• Thirdly, the new chip supports the so-called asynchronous dispatch, which allows the GPU to perform multiple completely independent tasks from completely different applications in parallel. For example, if today a video game requires GPU to process both graphics and physics effects, then GPUs have to first compute physics and then process graphics. In case of Cayman it is possible to assign certain SIMD [single input multiple data] engines to certain tasks. Unfortunately, DirectX 11 and OpenCL 1.1 application programming interfaces do not support this capability, which is why it will be exposed only in the future.
  • In fourth, AMD brings in intelligent power tuning technology called PowerTune, which automatically adjusts GPU power draw by dynamically controlling clock-speeds.
  • Additional improvements include new render back end units, support of higher-quality antialiasing and improvements aimed at general purpose computing on GPUs.

 

“Delivering DirectX 11 performance with intelligent tessellation, image quality improvements with new anti-aliasing modes and AMD PowerTune technology, we believe AMD Radeon HD 6900 series graphics cards will make excellent gifts this holiday season," added Mr. Skynner.

Initially, AMD plans to release two graphics cards based on the code-named Cayman GPU:

  • Radeon HD 6870 – 1536 stream processing units, 96 texture units, 32 render back ends, 880MHz clock-speed and 256-bit memory bus. The chip incorporates 2.64 billion of transistors, has die size of 389mm2 and has maximum compute performance of 2.7TFLOP/s SP and 0.675TFLOP/s DP. The card can connect up to five displays at once (using 2x DVI, 2x mDP + HDMI connectors) and carries 2GB of 5.5GHz GDDR5 memory. The recommended e-tail price of the novelty is $369.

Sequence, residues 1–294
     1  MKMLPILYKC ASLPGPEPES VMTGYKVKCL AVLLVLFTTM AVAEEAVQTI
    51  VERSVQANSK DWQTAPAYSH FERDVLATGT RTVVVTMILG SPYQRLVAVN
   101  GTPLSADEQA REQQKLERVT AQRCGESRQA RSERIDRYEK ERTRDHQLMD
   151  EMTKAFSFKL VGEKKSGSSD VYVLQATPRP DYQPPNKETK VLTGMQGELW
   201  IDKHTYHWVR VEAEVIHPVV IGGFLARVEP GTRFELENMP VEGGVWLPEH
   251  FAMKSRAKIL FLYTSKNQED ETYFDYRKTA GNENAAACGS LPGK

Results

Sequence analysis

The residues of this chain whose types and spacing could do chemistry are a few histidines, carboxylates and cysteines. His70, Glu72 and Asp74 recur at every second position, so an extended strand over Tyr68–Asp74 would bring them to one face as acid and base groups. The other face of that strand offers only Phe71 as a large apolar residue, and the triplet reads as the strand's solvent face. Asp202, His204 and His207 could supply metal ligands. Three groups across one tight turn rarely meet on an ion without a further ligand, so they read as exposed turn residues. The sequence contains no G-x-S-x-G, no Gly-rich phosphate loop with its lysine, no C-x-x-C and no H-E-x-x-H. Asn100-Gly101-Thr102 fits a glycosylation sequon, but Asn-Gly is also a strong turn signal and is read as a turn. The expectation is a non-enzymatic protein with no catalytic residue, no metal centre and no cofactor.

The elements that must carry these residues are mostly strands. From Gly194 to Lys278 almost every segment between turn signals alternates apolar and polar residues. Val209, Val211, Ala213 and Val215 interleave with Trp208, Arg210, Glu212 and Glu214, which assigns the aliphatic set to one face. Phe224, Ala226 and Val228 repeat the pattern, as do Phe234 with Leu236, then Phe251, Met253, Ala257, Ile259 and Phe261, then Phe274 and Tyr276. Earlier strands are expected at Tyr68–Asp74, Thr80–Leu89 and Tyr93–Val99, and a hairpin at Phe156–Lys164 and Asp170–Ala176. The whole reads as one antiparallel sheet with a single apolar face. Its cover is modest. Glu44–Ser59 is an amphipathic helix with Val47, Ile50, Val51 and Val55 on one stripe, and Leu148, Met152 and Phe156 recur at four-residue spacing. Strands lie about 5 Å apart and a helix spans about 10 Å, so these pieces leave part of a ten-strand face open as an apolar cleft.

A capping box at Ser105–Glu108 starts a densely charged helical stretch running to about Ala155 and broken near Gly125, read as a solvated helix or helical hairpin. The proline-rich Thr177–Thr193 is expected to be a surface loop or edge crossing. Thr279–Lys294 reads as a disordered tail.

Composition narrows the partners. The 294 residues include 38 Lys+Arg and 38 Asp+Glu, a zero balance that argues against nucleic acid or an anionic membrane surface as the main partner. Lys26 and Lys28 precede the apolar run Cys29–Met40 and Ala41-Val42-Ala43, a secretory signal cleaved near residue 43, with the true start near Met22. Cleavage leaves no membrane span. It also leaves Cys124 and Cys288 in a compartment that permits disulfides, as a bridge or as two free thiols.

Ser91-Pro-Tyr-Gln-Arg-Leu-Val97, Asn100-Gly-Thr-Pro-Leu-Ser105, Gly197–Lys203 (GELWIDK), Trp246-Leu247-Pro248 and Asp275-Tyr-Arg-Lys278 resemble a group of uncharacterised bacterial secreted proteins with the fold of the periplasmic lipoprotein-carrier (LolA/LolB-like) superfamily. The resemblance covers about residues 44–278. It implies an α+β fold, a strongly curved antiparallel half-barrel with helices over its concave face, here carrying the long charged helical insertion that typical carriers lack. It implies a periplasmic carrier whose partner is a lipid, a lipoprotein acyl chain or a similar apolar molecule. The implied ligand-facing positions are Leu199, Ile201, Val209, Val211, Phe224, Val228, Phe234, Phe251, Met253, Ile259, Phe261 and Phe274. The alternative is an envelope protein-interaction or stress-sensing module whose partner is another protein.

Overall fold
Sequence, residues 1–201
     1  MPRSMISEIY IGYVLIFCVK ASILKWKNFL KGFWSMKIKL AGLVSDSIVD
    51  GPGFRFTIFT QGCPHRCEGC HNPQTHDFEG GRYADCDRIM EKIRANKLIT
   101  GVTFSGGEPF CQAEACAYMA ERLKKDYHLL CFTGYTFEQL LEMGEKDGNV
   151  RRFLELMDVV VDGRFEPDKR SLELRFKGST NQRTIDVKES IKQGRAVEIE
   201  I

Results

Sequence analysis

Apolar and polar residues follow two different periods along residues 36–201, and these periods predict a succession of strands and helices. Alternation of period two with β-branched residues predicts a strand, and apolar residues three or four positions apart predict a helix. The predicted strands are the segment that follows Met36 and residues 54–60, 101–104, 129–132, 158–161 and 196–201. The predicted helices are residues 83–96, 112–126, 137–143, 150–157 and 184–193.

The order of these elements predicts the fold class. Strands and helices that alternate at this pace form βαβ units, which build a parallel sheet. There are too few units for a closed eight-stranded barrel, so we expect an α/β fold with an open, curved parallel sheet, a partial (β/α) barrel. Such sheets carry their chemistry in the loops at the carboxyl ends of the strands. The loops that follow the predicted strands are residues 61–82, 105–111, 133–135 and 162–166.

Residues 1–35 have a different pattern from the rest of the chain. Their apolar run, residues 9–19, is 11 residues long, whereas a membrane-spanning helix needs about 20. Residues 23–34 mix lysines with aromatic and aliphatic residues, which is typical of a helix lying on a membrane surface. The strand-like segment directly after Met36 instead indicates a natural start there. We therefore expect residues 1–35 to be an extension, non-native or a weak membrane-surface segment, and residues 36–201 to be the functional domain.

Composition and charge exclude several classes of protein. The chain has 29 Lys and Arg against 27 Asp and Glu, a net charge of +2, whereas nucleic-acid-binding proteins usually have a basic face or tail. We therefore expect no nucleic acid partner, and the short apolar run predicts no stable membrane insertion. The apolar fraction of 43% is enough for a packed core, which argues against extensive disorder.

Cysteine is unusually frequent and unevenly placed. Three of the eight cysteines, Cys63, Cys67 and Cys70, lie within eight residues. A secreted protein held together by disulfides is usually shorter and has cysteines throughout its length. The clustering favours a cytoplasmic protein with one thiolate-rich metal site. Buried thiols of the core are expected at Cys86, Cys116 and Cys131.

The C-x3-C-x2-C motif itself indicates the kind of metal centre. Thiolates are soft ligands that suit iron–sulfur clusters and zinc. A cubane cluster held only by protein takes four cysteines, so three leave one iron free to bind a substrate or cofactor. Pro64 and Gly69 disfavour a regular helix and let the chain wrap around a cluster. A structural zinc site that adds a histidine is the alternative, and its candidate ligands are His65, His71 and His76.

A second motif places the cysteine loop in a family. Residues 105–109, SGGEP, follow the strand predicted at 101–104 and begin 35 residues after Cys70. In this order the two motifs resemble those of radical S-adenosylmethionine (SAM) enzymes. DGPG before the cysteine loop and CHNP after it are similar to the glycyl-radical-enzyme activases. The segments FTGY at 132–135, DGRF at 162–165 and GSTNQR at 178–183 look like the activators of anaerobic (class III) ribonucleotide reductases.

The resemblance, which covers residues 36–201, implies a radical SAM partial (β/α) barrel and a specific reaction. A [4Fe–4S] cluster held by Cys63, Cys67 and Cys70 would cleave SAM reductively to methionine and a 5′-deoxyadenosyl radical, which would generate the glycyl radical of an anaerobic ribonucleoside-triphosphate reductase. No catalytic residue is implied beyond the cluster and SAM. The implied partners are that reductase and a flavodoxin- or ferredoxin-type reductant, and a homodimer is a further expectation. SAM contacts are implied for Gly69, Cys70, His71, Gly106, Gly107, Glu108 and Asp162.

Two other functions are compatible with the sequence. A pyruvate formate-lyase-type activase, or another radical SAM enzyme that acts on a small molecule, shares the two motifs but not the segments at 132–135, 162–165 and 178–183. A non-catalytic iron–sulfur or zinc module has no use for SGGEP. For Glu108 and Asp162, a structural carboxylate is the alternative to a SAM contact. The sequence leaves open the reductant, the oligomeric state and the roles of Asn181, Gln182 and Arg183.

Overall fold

• Radeon HD 6850 – 1408 stream processing units, 88 texture units, 32 render back ends, 800MHz clock-speed and 256-bit memory bus. The chip has maximum compute performance of 2.25TFLOP/s SP and 0.563TFLOP/s DP. The card can connect up to five displays at once (using 2x DVI, 2x mDP + HDMI connectors) and carries 2GB of 5.0GHz GDDR5 memory. The recommended e-tail price of the novelty is $299.

Even though the new-generation graphics cards offer lower amount of stream processing elements than predecessors from the Radeon HD 5800-series, it does offer the same compute performance and even manages to leave the previous-generation products behind in actual games, based on the early-look at the graphics boards' performance from X-bit labs.